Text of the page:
This is my face whenever someone makes comments such as: “ADD/ADHD doesn’t exist, you know we are all a little ADD”. Most of the time these are well meaning people, trying to make me, or someone whose child has been diagnosed with ADD/ADHD feel better. Let us just be clear. It does exist.
If you have it, you know you do not think like everyone else. You know that most individuals learn to control their impulsive behavior by the time they are adults. You know that everyone does not have a brain that highlights and underlines every single thought and piece of information that it encounters. If you are hyperactive, you know that what you do in an average day would exhaust someone without your energy. You know that hyper-focus can be your best friend or worst enemy.
Everyone may feel like they are distracted and can’t keep it together at times. Some people are forgetful, or they might even feel like they can’t sit still occasionally. This is not the same as the compulsion to move that accompanies hyperactivity, nor is it the brain that refuses to shut down so your body can sleep.
It is also not the feeling that you have, as a kid, when it seems like everyone else has some secret knowledge that enables them to turn assignments in on time, write neatly, and accomplish tasks in an orderly, timely fashion.
As a child, even with the best of intentions, I struggled with behavior and focus in the classroom. I grew up before medication. I can remember overhearing other parents telling my parents that what I needed a was “firm hand” and to learn self-discipline. More than one of my teachers labeled me lazy and unmotivated.
What saved me was a mom that understood that I needed to move, that I needed an outlet for my energy and creativity, and that I needed help with organization. My mom made sure that I had space to run, a garage for my experiments, and tools and supplies for my creative pursuits. She encouraged me, and always told me I was smart. I am grateful that my mom figured out that I needed help with learning how to manage my time and organization. She was always willing to try new things to help me succeed. She never made me feel that school was about my grades. She wanted me to understand that working hard and learning were what was most important in life.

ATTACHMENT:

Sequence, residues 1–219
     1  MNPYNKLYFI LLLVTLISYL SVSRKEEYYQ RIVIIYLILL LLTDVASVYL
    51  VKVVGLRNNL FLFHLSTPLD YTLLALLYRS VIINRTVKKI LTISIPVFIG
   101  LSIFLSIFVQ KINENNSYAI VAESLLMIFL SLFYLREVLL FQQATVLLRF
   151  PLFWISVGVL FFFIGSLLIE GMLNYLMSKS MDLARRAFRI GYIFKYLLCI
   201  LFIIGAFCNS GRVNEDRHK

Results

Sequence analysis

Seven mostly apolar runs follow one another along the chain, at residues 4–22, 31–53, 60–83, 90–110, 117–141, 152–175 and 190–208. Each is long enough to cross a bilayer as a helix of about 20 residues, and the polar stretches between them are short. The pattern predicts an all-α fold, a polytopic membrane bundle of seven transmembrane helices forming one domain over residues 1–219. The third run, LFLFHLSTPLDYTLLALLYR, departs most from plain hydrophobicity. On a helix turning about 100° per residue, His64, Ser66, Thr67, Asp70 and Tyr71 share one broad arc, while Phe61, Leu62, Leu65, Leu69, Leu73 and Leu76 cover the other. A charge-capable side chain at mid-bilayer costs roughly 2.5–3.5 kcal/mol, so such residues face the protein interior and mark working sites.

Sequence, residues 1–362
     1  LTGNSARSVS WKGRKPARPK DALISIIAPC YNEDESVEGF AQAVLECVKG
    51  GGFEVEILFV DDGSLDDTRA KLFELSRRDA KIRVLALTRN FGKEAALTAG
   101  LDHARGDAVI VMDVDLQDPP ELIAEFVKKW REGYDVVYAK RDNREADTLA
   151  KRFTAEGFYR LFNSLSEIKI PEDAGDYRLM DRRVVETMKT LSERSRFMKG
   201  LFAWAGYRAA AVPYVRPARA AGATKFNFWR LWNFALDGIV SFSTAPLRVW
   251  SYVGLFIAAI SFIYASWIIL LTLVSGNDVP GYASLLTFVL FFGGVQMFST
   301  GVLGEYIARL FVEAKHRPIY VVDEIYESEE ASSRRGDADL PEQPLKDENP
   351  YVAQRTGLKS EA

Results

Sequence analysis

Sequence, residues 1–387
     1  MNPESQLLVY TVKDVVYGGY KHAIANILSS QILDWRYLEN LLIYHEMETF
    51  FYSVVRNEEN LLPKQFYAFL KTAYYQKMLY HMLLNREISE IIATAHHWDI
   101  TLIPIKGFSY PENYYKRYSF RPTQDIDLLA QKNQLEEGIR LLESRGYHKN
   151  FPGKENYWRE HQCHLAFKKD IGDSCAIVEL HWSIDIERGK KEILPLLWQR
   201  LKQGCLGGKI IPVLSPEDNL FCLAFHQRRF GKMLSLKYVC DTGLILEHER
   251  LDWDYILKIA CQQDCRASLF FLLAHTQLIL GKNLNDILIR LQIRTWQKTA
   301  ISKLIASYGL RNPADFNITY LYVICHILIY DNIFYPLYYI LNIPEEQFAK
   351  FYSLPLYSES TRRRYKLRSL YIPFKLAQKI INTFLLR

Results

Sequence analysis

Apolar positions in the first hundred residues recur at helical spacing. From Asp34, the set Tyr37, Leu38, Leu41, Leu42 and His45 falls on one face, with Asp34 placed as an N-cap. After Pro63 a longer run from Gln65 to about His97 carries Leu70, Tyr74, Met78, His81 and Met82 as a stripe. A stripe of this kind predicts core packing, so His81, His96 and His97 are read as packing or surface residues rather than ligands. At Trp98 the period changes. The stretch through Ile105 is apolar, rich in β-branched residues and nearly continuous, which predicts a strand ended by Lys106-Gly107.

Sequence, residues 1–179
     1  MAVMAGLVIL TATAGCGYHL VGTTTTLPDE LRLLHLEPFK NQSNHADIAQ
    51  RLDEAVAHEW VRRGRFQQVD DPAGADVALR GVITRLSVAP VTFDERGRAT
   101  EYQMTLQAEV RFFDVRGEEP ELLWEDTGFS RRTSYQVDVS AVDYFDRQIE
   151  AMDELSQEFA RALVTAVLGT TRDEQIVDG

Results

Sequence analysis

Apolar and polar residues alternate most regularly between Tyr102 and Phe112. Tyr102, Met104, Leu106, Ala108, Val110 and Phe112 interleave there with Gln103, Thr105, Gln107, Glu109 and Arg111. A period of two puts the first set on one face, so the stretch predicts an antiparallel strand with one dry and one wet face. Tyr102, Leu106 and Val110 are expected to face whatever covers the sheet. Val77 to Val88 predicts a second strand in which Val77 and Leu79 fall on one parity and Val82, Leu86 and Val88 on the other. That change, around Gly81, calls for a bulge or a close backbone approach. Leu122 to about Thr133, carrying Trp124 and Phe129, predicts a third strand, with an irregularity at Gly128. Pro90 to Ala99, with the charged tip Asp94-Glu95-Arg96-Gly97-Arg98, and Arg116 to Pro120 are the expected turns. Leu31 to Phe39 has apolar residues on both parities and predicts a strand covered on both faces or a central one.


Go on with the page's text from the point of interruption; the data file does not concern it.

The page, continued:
If you have a child that struggles with organization, procrastination, and focus, with a diagnosis of ADD/ADHD, or without, please remember: no one willfully fails. These are my tips for working with kids that are struggling with focus, procrastination, and organization. If you are a parent who has ADD/ADHD implementing these tips may be difficult, do the best you can. There are links at the end of this post to organizations and websites that provide more information and support.
1. If your child has been diagnosed with ADD/ADHD, accept it. Educate yourself. If you suspect that you may also have ADD/ADHD get tested. Many successful and creative people have ADD/ADHD. When I say accept it, I am not saying that you will not have grief and sadness. Feel your feelings, but do not let them paralyze you. Your child needs to know that you love them, and that they may need to work harder than their peers, but that they can succeed.
2. Do not rely on medication alone to help your child. Medication is only part of ADD/ADHD management. Eating well, getting adequate sleep, designing and implementing individual education plans, healthy routines and habits are integral parts of the management plan.
3. Plan, Plan, and Plan some more. You have to have a plan for the day. Get your child to assist in the planning. Write your plan down, post it where your child can see it if they get off track. Instead of squelching spontaneity, having and implementing a plan will create time for your child to work on their own projects and creative pursuits.
4. Allow your child the space to explore their own interests. Creative acts are an important part of self-care. Many ADD/ADHD individuals are very creative and need an outlet for their creativity. I wrote a post about self-care and creativity (here). Working on their own projects can be used as motivation to complete tasks that are not so fun.
5. Do not waste time feeling guilty, blaming yourself, etc. Love your child. Love yourself. Life may be more complicated with ADD/ADHD, but you will never be bored!
6. Use timers. Get your kids used to using timers to help them manage their time. I wrote a post (here) that addresses using timers to manage your time and get things done. Children can learn to use timers to check themselves and gain confidence in their ability to self-manage.
7. Avoid negative, ignorant, and foolish people. You know who they are. The people that want to minimize what it is like to live with a child who has ADD/ADHD. The people who make you feel like you are an inadequate parent, or that your child just needs discipline. This may be difficult if you are related to them. Limit your interaction with people who are critical of your child, or your parenting skills. Stand up for your child and yourself.
8. Do not give up. If you try something and it does not make things better, than try another method. Expect setbacks but do not give up on your child or yourself. Keep trying.
Here are some links to organizations that offer tips and support:
If you are a parent with ADD/ADHD and your child has ADD/ADHD it may feel hopeless at times. Don’t give up. It is possible to become more organized and have less drama in your life. Work together with your child. Reach out to other parents and friends who are supportive. Believe in you ability to help your child and yourself.
|Thanks Mom, for not giving up.|